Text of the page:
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Review: 'Searching for Sugar Man' unravels the mystery

‘Searching for Sugar Man'

★★★★

PG-13 for brief strong language and some drug references

Harris Theater

By Claudia Puig
Thursday, Feb. 21, 2013, 8:55 p.m.
 

The powerfully emotional “ Searching for Sugar Man” is a real-life magical mystery tour.

A musical detective story, this enthralling documentary — nominated for an Oscar — fo–cuses on a little-known American musician whose haunting voice and poetic lyrics were essentially unknown in his own country, but had a massive impact across the globe.

In late 1960s Detroit, Sixto Rodriguez, the son of Mexican migrant workers, was a lyrical storyteller, writing songs through the prism of his working-class life. When a former Motown producer heard the singer-songwriter perform in an inner-city bar, he was entranced, likening him to Bob Dylan. Persuading him to make a record, he expected to catapult Rodriguez to stardom. Released in 1970 and well-received by critics, Rodriguez's “ Cold Fact” bombed. A year later, his second album, “ Coming From Reality,” also flopped.

While uncompromising in his art, Rodriguez was never interested in fame or fortune. He returned to carpentry work and played the guitar only for himself, sinking into obscurity.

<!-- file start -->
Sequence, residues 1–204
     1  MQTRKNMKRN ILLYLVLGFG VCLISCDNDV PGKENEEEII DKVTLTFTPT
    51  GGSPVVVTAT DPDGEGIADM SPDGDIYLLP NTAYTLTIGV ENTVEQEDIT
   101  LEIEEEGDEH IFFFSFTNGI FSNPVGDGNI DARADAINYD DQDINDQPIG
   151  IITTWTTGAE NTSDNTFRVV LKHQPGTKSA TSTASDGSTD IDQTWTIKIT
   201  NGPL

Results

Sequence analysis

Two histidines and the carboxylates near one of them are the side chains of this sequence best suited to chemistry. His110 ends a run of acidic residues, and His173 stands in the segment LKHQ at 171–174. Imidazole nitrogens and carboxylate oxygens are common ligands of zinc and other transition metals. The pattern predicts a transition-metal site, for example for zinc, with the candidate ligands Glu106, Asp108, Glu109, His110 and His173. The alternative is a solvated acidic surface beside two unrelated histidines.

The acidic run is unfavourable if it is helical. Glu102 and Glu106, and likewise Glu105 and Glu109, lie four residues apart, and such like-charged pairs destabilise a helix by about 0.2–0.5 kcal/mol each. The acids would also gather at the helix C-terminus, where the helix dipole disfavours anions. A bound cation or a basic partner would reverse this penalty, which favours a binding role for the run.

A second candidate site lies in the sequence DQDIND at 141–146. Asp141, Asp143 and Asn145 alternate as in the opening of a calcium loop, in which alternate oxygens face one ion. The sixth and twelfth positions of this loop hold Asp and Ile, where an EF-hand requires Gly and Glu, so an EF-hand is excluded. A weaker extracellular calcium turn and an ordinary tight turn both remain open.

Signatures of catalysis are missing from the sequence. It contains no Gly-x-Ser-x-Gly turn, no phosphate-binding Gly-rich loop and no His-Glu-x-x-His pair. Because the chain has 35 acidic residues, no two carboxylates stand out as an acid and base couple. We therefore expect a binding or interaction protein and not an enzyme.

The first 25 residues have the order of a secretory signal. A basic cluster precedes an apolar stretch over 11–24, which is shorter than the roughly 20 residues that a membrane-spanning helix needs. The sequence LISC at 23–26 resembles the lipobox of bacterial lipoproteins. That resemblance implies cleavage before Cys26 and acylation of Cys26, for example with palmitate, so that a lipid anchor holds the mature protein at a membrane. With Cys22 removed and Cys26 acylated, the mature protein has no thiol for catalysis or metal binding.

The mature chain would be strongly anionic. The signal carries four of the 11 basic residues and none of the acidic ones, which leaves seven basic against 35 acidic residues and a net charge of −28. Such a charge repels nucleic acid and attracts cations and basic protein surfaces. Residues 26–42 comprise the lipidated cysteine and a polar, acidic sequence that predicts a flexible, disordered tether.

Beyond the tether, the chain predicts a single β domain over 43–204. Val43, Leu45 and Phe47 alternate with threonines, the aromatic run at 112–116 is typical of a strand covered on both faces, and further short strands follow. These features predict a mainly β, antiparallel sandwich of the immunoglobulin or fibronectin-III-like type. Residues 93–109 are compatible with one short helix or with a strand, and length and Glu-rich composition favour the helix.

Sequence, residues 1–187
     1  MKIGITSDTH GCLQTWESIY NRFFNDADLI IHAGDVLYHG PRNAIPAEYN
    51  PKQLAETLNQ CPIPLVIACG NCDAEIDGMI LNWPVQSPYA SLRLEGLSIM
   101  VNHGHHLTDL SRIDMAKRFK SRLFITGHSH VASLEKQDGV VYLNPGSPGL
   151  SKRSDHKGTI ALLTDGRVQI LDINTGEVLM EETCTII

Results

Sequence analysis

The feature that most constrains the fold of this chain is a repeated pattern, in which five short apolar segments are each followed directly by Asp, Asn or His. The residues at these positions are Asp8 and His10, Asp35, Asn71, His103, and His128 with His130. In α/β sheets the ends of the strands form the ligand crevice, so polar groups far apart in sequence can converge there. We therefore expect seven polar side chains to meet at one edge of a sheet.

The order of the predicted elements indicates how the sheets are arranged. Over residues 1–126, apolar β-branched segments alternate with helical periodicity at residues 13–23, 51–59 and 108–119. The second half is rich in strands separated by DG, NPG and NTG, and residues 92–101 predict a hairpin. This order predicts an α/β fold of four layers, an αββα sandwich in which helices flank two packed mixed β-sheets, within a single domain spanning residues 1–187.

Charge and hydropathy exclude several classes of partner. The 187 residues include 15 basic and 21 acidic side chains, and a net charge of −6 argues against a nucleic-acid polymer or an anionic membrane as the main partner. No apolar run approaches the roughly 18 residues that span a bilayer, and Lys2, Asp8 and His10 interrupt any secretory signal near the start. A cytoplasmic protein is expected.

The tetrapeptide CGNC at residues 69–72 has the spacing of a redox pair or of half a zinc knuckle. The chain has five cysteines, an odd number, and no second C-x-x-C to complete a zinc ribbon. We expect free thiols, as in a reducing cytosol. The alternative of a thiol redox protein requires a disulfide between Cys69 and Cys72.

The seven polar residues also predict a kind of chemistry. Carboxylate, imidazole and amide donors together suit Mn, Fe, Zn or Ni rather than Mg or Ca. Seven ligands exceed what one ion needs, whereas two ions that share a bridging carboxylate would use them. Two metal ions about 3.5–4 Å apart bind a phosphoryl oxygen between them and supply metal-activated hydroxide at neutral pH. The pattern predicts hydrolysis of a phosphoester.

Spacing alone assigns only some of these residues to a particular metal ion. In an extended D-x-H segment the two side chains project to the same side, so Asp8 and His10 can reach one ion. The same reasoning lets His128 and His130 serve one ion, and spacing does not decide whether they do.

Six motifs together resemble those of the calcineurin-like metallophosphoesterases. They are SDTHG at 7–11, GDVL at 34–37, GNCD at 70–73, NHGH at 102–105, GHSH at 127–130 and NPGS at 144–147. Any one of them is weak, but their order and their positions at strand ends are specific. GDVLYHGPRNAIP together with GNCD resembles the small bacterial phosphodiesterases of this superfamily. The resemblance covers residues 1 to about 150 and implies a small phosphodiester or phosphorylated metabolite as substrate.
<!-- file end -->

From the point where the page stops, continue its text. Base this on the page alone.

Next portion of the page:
But, unbeknownst to him, a continent away, Rodriguez was a huge star with a mystique that rivaled that of Elvis Presley.

The way in which this fascinating story unfolds, as directed by Swedish filmmaker Malik Bendjelloul, renders it thoroughly captivating, often exhilarating. Interviews with those associated with his recording career speak with sadness of his great potential and lost career. Even when he had performed in the late 1960s and early '70s, Rodriguez was so shy he would turn his back on the audience as he sang. He did not seem suited for the rough-and-tumble world of rock stardom.

Cut to South Africa and a stranger-than-fiction saga. In the early 1970s, a bootleg copy of “Cold Fact” made it into the country and, shortly thereafter, hundreds of thousands of South Africans had their own copies. Rodriguez's protest songs, with their anti-Establishment lyrics, struck a chord during a turbulent period in which Apartheid was at its height.

“His music was the soundtrack of our lives,” said Capetown record store owner Stephen Segerman. “The three records everybody owned were: “Bridge Over Troubled Water,” “Abbey Road” and “Cold Fact.”

In the 1970s, South Africa's oppressive government and isolationism kept anyone outside that country from learning of Rodriguez's popularity there.

It would be a regrettable spoiler to reveal what happened when Segerman and the filmmaker delved deeper. Less is more when discussing this compelling documentary. Rodriguez's indelible folk/soul/rock songs provide the soundtrack. It's unequivocally a must for any music fan and anyone who enjoys a well-crafted edge-of-the-seat real-life thriller.

As it explores the spread of information and misinformation, celebrates genuine talent and re-affirms the indomitable power of music, “Searching for Sugar Man” is a gloriously uplifting experience that will leave audiences breathless by its conclusion

Claudia Puig is a movie critic for USA Today.

 

 
 


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